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Abe scandals

Is Japan's Finance Ministry at the breaking point?

Confusion reigns as former tax agency chief Sagawa testifies on document tampering

Former senior Finance Ministry official Nobuhisa Sagawa exits the lower house of the Diet in Tokyo after his testimony on March 27.

TOKYO -- Former Finance Ministry official Nobuhisa Sagawa insisted in testimony before both houses of the Diet on Tuesday that there were no instructions to alter documents at the center of a dodgy real estate deal, but offered no insights into the motivations for the falsifications. But the series of events and the conditions in the ministry leading to the wrongdoing indicate serious problems within the Finance Ministry itself.

On March 2, the day the Asahi Shimbun newspaper reported about the alleged tampering of land sale documents at the Finance Ministry, ministry officials gathered in the minister's office at 8 a.m., an hour earlier than they usually started work. In front of Finance Minister Taro Aso lined up Vice Finance Minister Junichi Fukuda, Deputy Vice Finance Minister Koji Yano, financial bureau chief Mitsuru Ota and other officials. "It'll be fine. It's not like it was covered up," one official said. No one in the room could have predicted the confusion within the ministry that followed.

The Finance Ministry, the most powerful administrative agency in Japan, has been shaken to its core. The ministry has been under fire over its sloppy responses to the allegation that officials intentionally altered documents related to the sale of state-owned land to Moritomo Gakuen, a private school operator. The confusion among the ministry elite who usually wield considerable power over other ministries as the budget-compiling agency reminded some of the ministry's confusion after another financial scandal in the late 1990s.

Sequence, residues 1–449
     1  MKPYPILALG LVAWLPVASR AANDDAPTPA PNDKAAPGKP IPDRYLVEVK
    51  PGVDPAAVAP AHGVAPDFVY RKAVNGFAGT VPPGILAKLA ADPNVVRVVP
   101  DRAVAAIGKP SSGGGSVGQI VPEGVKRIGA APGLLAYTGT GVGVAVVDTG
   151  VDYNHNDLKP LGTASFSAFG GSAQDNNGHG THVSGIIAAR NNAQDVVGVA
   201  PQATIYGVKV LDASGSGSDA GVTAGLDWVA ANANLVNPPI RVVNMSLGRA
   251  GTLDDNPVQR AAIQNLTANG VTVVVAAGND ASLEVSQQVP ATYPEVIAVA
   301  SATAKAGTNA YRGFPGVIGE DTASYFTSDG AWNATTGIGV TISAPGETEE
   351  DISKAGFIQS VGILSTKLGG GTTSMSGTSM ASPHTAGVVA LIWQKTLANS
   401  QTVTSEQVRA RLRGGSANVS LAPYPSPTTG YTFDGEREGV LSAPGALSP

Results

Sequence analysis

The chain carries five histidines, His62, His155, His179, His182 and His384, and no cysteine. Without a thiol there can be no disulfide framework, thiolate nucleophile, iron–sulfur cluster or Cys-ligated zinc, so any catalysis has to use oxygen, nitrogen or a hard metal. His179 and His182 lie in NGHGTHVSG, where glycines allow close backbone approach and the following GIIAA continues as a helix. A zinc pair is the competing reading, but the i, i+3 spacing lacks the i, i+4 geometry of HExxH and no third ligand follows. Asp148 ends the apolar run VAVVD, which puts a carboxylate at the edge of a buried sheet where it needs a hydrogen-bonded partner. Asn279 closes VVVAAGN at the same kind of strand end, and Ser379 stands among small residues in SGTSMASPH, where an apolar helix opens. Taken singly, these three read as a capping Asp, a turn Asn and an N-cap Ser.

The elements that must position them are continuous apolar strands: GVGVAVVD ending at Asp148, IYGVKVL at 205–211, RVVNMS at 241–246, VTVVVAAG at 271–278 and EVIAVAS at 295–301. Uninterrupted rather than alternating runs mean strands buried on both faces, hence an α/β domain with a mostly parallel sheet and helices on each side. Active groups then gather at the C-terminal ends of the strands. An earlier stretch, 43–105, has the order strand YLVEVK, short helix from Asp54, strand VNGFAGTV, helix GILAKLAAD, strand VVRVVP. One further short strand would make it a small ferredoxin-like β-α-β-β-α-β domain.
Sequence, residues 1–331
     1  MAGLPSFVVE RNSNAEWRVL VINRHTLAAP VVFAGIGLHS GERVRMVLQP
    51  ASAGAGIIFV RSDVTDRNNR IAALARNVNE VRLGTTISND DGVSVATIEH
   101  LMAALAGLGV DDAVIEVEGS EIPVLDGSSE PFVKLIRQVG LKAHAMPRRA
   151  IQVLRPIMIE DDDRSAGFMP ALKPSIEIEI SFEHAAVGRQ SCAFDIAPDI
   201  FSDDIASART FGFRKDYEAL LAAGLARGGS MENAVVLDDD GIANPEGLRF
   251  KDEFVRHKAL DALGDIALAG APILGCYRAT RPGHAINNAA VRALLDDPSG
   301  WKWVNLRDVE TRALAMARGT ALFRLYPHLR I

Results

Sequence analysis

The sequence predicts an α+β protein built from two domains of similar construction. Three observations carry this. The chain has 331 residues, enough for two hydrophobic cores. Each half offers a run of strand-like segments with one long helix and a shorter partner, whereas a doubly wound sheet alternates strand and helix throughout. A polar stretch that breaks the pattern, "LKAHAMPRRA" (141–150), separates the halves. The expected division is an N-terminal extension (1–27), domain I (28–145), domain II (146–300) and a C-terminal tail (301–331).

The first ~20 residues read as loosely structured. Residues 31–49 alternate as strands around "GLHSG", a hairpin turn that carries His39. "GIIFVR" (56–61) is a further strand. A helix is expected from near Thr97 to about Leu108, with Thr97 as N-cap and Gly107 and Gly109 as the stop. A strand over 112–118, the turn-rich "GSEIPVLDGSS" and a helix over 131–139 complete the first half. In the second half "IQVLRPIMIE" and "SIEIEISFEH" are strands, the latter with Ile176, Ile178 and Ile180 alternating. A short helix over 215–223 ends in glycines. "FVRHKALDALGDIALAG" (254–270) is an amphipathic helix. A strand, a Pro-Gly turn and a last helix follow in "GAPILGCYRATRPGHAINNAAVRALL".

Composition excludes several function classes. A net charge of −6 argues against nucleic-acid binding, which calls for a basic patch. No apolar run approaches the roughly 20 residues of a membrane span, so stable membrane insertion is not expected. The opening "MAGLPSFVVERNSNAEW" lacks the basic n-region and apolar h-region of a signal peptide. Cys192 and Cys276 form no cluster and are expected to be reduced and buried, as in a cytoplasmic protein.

Only a week after the March 2 meeting, the Diet descended into chaos, with opposition lawmakers condemning the ministry and the government. The ministry had been conducting an internal investigation into the matter but the probe had been stymied by "the fear among financial bureau employees of being singled out," a ministry official said. The ministry could not confirm whether the documents in question had really been tampered with. With the internal investigation still ongoing, ministry officials were forced on March 8 to comply with a request to submit all relevant documents to the Diet.

Gathering the documents turned out to be troublesome. Ministry staff brought paper copies of the land sale documents from the Kinki regional bureau in Osaka to the ministry headquarters in Tokyo by shinkansen bullet train. Only a few days later, on March 12, the documents, which had been brought to Tokyo in a manner that many noted was rather strange at a time when file-sharing software is widely available, were found to have been tampered with.

The Ministry of Finance headquarters building in Tokyo.

Then the Ministry of Land, Infrastructure, Transport and Tourism said it had informed the Finance Ministry on March 5 about documents that may have been the doctored papers in question, before the alterations were made. That raised questions about the Finance Ministry's responses. Critics argued that the Finance Ministry pretended that it did not hear about the possibility from the Ministry of Land, Infrastructure, Transport and Tourism, and so that it did not properly seek cooperation from prosecutors as required when it was gathering documents under investigation by the prosecutors. "It was supposed to meet all the demands of parliament," a Finance Ministry official sighed. Many ministry staff were similarly exhausted.